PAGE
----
To reduce stress, we support the establishment of coherence-creating groups practicing the Transcendental Meditation and TM-Sidhi program. Extensive research, published in leading scientific journals, has found that when a small proportion of a population collectively practices this program there is a significant reduction in negative tendencies, such as crime, violence, sickness, and accidents, and a strengthening of positive social and economic trends in the population as a whole. Such programs will prevent the accumulation of stress and frustration that has erupted as violence in cities across the nation. In the more harmonious atmosphere generated by these programs, a deeper and more integrated sense of community will emerge as the best security against inner city crime and decay.

After reducing social stress and creating a more coherent social atmosphere, we will introduce practical solutions to costly social problems and specific programs to promote progress in every city. We will use federally guaranteed loans and targeted capital-gains tax breaks to stimulate capital investment for start-up industries in urban "enterprise zones." We will rebuild urban infrastructure and promote community planning that includes ample parks and green spaces and the construction of homes and buildings that are human friendly, nontoxic, and in harmony with natural law. In addition:


Strengthening Democracy

OUR NATION'S FOUNDERS strove to create a democracy that would guarantee fundamental human rights and hold the government accountable to the people. John Hagelin and Nat Goldhaber are committed to restoring this vision to the American political process and overcoming the bipartisan conflict and special interest control that has paralyzed and subverted our government.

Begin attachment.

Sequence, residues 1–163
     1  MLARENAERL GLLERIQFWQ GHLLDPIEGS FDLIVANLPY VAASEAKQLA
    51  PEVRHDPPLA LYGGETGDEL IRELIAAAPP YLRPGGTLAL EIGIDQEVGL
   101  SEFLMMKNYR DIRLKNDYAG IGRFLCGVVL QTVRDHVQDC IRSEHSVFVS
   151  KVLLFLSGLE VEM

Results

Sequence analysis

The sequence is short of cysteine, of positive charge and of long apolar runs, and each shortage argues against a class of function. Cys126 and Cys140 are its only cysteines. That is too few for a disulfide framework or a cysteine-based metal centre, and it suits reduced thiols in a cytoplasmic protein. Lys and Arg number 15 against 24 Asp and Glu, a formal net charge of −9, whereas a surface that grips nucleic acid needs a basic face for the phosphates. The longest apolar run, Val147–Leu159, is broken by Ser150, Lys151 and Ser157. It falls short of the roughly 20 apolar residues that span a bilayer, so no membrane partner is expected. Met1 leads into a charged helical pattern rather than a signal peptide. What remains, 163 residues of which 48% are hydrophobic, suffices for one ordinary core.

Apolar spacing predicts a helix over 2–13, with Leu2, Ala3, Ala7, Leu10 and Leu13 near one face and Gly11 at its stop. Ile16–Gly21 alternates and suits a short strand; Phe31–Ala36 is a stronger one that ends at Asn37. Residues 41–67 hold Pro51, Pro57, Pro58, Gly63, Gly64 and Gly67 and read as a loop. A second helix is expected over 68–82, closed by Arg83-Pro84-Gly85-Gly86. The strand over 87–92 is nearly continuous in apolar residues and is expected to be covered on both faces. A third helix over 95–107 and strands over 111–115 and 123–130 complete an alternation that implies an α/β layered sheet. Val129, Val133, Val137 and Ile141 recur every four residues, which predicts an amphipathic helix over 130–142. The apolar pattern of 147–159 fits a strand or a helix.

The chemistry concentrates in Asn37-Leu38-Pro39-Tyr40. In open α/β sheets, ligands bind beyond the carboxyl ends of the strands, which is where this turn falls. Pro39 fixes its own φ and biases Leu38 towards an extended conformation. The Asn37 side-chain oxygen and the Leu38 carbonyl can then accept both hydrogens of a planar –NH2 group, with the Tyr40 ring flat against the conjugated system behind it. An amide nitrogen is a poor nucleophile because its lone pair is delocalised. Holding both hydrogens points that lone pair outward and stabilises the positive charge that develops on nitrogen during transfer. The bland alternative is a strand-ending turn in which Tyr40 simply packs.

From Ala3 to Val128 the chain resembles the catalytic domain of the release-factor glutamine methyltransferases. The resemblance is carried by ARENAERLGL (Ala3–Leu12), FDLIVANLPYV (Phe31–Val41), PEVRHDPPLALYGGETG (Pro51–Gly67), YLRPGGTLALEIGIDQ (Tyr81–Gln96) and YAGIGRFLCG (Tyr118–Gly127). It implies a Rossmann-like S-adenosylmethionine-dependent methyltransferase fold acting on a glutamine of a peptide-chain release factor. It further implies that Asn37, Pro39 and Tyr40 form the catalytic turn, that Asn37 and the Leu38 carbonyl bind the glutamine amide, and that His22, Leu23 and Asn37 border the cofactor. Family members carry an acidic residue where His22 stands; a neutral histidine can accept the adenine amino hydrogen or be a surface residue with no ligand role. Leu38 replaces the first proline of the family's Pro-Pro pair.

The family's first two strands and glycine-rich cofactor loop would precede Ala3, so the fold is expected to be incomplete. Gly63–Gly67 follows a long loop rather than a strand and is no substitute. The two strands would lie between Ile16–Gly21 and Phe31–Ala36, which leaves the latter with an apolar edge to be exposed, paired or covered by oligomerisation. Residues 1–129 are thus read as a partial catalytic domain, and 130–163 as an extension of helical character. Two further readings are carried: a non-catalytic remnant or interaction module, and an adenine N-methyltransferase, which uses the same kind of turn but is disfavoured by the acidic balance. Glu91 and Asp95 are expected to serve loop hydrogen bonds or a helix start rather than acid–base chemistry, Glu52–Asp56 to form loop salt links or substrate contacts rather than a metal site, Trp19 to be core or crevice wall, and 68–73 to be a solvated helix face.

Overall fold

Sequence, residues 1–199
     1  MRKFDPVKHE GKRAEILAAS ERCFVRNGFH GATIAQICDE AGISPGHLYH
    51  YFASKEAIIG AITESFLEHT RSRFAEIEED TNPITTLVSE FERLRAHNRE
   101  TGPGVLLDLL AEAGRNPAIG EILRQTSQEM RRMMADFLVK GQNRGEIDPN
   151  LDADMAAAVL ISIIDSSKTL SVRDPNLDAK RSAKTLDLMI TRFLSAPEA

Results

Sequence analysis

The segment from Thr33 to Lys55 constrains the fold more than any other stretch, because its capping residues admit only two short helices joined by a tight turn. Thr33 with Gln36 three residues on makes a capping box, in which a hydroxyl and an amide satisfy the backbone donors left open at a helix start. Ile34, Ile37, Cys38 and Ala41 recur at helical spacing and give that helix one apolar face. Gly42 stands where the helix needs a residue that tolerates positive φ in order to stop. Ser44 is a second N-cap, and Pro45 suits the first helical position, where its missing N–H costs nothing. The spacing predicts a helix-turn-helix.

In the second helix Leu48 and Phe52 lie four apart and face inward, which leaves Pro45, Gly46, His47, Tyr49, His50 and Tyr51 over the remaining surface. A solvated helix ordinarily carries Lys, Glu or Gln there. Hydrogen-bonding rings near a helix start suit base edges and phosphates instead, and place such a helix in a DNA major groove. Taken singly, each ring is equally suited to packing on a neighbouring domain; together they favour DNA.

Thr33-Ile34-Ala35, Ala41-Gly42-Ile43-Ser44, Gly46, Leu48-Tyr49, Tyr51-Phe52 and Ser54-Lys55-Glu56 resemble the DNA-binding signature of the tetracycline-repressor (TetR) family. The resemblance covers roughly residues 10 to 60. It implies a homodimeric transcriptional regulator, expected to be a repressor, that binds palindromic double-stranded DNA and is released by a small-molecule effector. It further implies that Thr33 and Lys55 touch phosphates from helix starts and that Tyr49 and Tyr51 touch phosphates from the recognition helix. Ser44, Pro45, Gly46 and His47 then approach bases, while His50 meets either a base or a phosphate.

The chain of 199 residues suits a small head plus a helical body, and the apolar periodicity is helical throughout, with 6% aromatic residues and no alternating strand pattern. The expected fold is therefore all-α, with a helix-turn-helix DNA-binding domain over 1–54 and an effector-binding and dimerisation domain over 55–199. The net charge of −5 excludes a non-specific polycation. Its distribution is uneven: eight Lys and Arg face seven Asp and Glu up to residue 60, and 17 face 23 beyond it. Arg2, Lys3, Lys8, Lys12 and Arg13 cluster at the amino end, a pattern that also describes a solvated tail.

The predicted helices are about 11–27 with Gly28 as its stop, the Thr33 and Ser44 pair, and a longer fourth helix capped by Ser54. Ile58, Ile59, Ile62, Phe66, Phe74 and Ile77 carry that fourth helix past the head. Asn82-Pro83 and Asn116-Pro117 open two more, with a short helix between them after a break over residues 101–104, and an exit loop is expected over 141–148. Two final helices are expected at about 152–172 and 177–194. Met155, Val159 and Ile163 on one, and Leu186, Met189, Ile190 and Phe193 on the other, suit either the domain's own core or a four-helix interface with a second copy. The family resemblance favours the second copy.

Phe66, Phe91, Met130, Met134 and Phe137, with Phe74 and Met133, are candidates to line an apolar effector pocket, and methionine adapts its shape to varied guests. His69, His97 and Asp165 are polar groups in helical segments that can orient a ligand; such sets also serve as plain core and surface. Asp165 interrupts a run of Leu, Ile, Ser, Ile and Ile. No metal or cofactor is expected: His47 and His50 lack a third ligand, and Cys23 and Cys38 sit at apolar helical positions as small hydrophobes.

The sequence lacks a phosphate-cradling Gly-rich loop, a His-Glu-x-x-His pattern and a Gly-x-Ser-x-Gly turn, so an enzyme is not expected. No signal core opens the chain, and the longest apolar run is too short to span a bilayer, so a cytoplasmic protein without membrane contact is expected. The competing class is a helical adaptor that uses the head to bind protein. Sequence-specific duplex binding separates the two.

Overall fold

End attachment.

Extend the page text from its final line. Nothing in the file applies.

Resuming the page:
We support long-overdue election and campaign reforms to restore government accountability to the people, including (a) equal access to the ballot, the media, the debates, and the public for all qualified candidates, (b) the elimination of PAC and soft-money funding of campaigns, and (c) a shift toward public sponsorship of campaigns in order to reduce the undue influence of special interest money on election outcomes. Such reforms will fulfill every American's right to complete information about all candidates and their platforms while freeing elected officials to focus on serving their country rather than seeking campaign contributions.

We envision a future in which elections are a time of national celebration, free of negative campaigning -- a time when the nation takes pride in its achievements and plans collectively for the future.


The Problem

There is no Constitutional basis for America's current two-party system. In fact, George Washington and Thomas Jefferson specifically warned against political parties, which they feared would become entrenched as elitists and servers of special interests, unresponsive to the needs and desires of the people.